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Chapter: Communication Theory : Information Theory

Source Coding

A code is defined as an n-tuple of q elements. Where q is any alphabet. Ex. 1001 n=4, q={1,0} Ex.



A code is defined as an n-tuple of q elements. Where q is any alphabet. Ex. 1001 n=4, q={1,0} Ex.


2389047298738904 n=16, q={0,1,2,3,4,5,6,7,8,9} Ex. (a,b,c,d,e) n=5, q={a,b,c,d,e,…,y,z} The most common code is when q={1,0}. This is known as a binary code. The purpose A message can become distorted through a wide range of unpredictable errors.




Equipment failure


Lighting interference


Scratches in a magnetic tape


Ø   Error-correcting code:

To add redundancy to a message so the original message can be recovered if it has been


garbled. e.g. message = 10 code = 1010101010


Ø   Send a message:

Ø   Source Coding loss:

It may consider semantics of the data depends on characteristics of the data e.g. DCT, DPCM, ADPCM, color model transform A code is distinct if each code word can be distinguished from every other (mapping is one-to-one) uniquely decodable if every code word is identifiable when immersed in a sequence of code words e.g., with previous table, message 11 could be defined as either ddddd or bbbbbb Measure of Information Consider symbols si and the probability of occurrence of each symbol p(si)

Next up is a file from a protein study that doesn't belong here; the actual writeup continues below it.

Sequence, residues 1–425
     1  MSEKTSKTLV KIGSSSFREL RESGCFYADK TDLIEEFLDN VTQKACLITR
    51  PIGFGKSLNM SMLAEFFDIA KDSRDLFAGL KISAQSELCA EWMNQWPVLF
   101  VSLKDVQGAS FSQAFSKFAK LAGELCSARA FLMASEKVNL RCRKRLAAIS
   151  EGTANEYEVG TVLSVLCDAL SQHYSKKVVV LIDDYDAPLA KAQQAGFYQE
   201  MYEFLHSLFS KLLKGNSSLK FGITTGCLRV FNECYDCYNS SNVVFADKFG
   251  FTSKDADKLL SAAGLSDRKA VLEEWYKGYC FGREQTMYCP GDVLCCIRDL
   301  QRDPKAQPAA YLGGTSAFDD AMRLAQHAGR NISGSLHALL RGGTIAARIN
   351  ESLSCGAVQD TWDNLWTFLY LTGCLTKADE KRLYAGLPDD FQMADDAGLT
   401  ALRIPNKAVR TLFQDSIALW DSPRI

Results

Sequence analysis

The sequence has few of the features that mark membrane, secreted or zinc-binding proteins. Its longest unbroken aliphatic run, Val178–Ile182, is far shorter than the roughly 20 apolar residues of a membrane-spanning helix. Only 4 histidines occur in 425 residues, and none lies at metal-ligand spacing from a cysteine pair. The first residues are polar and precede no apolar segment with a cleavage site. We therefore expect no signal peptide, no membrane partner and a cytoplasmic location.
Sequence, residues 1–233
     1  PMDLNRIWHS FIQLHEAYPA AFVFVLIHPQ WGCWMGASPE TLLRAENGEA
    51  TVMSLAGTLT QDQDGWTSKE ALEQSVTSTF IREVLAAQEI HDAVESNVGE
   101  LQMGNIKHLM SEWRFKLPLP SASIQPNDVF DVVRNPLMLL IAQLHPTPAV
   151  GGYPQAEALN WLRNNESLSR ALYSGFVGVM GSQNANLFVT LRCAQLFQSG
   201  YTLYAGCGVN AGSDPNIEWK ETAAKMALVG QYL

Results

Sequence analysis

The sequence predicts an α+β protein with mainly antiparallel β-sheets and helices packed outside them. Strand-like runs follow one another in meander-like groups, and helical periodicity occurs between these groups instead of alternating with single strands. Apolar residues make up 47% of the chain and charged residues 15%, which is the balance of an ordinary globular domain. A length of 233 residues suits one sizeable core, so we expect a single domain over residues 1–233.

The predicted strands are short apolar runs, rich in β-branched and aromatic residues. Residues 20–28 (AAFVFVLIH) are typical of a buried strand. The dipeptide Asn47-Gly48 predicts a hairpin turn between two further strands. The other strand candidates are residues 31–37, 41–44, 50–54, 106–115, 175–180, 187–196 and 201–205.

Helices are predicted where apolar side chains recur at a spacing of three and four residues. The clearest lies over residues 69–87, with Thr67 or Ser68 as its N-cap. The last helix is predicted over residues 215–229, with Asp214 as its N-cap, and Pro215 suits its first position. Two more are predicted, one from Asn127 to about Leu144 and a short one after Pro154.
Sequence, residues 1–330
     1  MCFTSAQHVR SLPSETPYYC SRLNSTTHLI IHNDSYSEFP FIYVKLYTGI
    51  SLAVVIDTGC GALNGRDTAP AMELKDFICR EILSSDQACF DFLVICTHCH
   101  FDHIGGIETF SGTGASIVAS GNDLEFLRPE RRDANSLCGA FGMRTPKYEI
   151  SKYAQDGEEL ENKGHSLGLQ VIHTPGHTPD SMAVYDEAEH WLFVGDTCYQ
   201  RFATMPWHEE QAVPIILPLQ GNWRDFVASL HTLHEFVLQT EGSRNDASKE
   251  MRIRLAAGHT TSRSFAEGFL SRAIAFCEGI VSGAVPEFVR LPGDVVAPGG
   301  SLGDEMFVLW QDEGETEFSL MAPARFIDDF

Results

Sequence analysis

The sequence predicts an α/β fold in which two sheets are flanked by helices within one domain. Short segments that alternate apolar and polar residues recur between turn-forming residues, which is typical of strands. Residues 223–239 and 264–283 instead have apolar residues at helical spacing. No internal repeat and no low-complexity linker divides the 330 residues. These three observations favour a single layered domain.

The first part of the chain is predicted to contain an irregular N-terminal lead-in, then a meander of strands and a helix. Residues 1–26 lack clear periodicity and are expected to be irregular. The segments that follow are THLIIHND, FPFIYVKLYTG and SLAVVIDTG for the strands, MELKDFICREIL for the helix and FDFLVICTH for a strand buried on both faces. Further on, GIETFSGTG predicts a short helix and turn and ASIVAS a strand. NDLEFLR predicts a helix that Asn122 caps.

Example Alphabet = {A, B} p(A) = 0.4; p(B) = 0.6 Compute Entropy (H) -0.4*log2 0.4 + - 0.6*log2 0.6 = .97 bits Maximum uncertainty (gives largest H) occurs when all probabilities are equal Redundancy Difference between avg. codeword length (L) and avg. information content (H) If H is constant, then can just use L Relative to the optimal value

Ø   Shannon-Fano Algorithm:

         Arrange the character set in order of decreasing probability


         While a probability class contains more than one symbol:


ü   Divide the probability class in two so that the probabilities in the two halves are as nearly as possible equal.


ü   Assign a '1' to the first probability class, and a '0' to the second


TABLE : 5.1


Ø   Huffman Encoding:

Statistical encoding To determine Huffman code, it is useful to construct a binary tree Leaves are characters to be encoded Nodes carry occurrence probabilities of the characters belonging to the subtree Example: How does a Huffman code look like for symbols with statistical symbol occurrence probabilities: P(A) = 8/20, P(B) = 3/20, P(C ) = 7/20, P(D) = 2/20? Step 1 : Sort all Symbols according to their probabilities (left to right) from Smallest to largest these are the leaves of the Huffman tree Step 2: Build a binary tree from left toRight Policy: always connect two smaller nodes together (e.g., P(CE) and P(DA) had both Probabilities that were smaller than P(B), Hence those two did connect first Step 3: label left branches of the tree With 0 and right branches of the tree With 1 Step 4: Create Huffman Code Symbol A = 011 Symbol B = 1 Symbol C = 000 Symbol D = 010 Symbol E = 001

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